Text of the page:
The Biden Administration announced that its next round of COVID-19 relief includes
$400 billion to expand access to Medicaid home and community-based services for seniors and people with disabilities.
So, what does that mean for companies like us?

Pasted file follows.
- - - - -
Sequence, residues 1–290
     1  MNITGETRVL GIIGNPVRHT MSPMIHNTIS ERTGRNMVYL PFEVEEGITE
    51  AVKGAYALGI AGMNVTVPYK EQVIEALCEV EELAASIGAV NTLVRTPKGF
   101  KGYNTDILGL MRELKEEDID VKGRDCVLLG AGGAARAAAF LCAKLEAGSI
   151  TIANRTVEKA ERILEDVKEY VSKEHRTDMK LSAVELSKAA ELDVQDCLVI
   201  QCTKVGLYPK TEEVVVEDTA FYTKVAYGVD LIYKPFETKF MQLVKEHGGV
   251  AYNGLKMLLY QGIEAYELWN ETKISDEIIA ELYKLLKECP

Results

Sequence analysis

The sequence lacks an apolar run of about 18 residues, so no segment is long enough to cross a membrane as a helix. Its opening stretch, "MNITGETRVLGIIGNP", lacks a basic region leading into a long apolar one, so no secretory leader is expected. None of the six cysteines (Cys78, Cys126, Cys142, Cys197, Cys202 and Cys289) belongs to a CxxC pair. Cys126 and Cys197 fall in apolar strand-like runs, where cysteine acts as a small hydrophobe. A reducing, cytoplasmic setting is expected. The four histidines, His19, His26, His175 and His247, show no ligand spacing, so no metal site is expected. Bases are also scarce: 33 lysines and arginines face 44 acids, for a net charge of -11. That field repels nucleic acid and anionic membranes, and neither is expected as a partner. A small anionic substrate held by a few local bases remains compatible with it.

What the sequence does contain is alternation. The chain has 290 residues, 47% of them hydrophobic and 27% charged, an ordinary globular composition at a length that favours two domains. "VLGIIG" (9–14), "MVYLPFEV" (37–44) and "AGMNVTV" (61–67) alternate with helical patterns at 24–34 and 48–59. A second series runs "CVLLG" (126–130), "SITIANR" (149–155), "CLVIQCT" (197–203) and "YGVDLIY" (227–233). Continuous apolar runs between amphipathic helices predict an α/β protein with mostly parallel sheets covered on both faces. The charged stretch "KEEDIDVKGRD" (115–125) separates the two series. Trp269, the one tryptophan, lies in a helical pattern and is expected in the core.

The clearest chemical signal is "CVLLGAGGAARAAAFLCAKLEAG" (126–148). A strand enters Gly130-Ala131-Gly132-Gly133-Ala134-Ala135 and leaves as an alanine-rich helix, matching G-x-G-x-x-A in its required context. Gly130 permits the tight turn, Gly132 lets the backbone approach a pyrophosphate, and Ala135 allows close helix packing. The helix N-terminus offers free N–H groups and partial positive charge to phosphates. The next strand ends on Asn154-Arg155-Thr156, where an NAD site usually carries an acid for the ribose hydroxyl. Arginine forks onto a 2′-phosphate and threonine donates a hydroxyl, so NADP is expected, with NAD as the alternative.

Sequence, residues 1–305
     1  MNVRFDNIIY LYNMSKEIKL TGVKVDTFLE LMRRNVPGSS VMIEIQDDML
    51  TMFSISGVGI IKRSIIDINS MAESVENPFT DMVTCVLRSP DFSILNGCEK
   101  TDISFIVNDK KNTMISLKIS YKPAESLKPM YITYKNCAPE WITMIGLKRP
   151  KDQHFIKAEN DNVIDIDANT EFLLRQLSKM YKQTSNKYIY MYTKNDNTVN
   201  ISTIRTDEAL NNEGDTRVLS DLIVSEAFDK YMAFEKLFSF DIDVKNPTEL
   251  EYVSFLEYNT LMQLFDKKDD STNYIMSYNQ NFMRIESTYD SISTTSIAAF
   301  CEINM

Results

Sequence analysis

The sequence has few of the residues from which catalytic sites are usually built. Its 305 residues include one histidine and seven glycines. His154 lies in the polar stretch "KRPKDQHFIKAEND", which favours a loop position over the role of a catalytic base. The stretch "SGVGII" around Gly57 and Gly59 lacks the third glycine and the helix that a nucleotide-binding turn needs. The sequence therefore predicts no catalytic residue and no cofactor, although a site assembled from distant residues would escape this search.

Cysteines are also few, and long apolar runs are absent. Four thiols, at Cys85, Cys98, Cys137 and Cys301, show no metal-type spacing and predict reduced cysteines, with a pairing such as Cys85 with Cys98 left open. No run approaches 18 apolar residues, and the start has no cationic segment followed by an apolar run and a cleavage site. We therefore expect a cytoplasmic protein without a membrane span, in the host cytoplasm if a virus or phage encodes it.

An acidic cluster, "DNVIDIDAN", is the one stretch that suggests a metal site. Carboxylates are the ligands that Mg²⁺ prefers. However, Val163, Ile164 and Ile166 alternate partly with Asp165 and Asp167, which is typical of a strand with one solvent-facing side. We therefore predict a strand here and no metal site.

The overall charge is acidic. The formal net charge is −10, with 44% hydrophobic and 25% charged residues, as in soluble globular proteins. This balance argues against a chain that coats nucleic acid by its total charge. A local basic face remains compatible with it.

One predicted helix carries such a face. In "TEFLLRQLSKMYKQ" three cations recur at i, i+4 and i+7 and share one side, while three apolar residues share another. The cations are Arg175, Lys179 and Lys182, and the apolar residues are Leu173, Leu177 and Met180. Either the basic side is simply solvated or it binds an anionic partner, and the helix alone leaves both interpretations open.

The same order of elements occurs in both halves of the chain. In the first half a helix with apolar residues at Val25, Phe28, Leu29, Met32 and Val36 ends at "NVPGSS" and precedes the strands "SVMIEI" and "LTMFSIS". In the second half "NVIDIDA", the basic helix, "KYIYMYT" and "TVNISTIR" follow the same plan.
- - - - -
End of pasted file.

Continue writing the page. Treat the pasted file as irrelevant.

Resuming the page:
Assaf: We believe that home care is a great way to keep people out of hospitals and improve their health while saving money for the taxpayer. So we think that putting more money into home care is a smart thing to do. However, as an industry, we need to make sure that we take care of 3 important things so that this trend continues and doesn't react, or backfire on us. Number one, we need to make sure that the money goes to the nurses and caregivers because eventually the increasing funding is to attract more people to the industry, to increase the number of hours that nurses and caregivers deliver to the home care industry so that we can take care of more people and take people out of hospitals. However, if 40% or 40 cents of each dollar that goes into home care doesn't go into the nurses and caregivers because it goes to pay for offices and management and marketing and profits of large companies, or of the owners, then we're not going to see these increases coming around. And so at Swift Shift, we made sure that every dollar that we bill from the insurance or from the state, 70 cents go to the hands of the nurses and caregivers, and we will strive to make this 80% over the next few years. Through growing the number of nurses in our community, we are mostly software operated on the back end. So it's a fixed cost. If we have more nurses and more caregivers doesn't cost us more to service them, marginally speaking. And so that's super important that as an industry, we focus on really, you know, this trickle down economics, making sure that the extra funding doesn't end up in the pockets of, you know, private equity or management, but goes down to the nurses and caregivers. Number 2, nurses and caregivers are not investment bankers, which means, or, you know, software sales people, no offense. It means that they're not a quote-unquote coin operated. It's not all about the money, it's about the experience, it's about feeling like you have ownership on the service, but you can manage your own clients, you can hire your own and choose the team that you're working from. You can decide what area to service, which services to provide. You have a voice. And today, more than ever, I think many people look for meaningful work in their community, are willing to work for a little bit less if they can get out of it the feeling of fulfillment of, you know, "I came home today and I did something good today and I feel happy about it." So it's not all about the money. We need to ensure that the caregiver experience is such that it attracts people to the industry. No, fixed shifts, flexible scheduling. No "this is your client." These are all the clients available in the area –– who would you like to serve? Not "this is your team and this is who you're going to work with." These are the candidates that we have in your area, who would you like to work with, meet with them, build your team on the service. This is what we do at Swift Shift and I think this is the only thing that will enable us to take this extra funding and actually put it into work. And lastly it's about managing health outcomes. We need to make people feel better. For many years the home care industry was getting paid whether people were getting better or not, went back to the hospital or stayed at home. If we're going to continue to ask the US taxpayers to give us more and more money to take care of sick people, we need to show that under our care people get better. We need to work with data. We need to feed the data back to the caregivers and the nurses and help them make better decisions because they know the client's best to help them with predictions to help them with trend analysis and to constantly help make people feel better at the lower cost. And this way we can show the taxpayers, the insurance companies, that we are a good investment, that we should receive more funding and 400 billion sounds a lot, but it's compared to $4.4 trillion dollars that are spent on healthcare every year, almost two trillions on hospitals and institutions. It's still a relatively small budget compared to the overall health care expenditure. So make sure the money goes down to the caregivers, make the caregiver experience such that you and everybody else want to work in home care and use data and technology to make people feel better.